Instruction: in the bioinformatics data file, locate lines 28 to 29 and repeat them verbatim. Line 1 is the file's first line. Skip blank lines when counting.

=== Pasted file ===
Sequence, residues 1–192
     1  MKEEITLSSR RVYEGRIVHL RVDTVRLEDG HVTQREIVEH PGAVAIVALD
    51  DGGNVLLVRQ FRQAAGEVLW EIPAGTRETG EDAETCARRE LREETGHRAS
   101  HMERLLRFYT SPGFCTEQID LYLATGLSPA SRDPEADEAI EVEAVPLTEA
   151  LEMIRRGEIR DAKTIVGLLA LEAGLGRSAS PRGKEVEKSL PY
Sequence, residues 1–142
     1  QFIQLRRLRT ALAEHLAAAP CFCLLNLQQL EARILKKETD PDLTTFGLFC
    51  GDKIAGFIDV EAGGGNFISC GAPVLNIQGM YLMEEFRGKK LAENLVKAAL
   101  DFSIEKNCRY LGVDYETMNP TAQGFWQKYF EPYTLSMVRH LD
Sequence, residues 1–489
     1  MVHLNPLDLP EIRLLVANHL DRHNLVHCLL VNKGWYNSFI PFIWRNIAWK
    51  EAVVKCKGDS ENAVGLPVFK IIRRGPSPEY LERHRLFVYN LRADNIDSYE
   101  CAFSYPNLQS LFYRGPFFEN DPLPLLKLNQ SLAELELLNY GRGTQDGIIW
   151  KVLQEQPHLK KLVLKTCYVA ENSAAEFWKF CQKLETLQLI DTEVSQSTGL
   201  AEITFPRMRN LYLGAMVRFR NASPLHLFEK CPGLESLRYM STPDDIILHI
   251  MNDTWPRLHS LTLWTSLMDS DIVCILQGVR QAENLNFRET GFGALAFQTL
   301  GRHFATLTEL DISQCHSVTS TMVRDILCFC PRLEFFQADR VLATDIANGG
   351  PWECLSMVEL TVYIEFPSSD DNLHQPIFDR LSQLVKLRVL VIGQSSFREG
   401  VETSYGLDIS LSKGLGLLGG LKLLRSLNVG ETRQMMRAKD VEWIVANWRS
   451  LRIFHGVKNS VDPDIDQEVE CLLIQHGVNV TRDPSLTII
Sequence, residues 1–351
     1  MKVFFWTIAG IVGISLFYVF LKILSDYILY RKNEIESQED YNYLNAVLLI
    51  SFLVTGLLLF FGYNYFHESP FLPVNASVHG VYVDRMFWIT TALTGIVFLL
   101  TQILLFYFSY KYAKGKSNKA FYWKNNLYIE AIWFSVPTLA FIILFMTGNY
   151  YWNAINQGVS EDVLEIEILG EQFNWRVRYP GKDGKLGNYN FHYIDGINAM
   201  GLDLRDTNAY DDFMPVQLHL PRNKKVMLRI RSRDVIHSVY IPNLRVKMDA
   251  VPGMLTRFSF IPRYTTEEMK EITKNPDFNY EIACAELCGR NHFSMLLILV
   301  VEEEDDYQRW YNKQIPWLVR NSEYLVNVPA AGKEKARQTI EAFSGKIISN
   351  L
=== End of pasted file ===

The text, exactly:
   301  VEEEDDYQRW YNKQIPWLVR NSEYLVNVPA AGKEKARQTI EAFSGKIISN
   351  L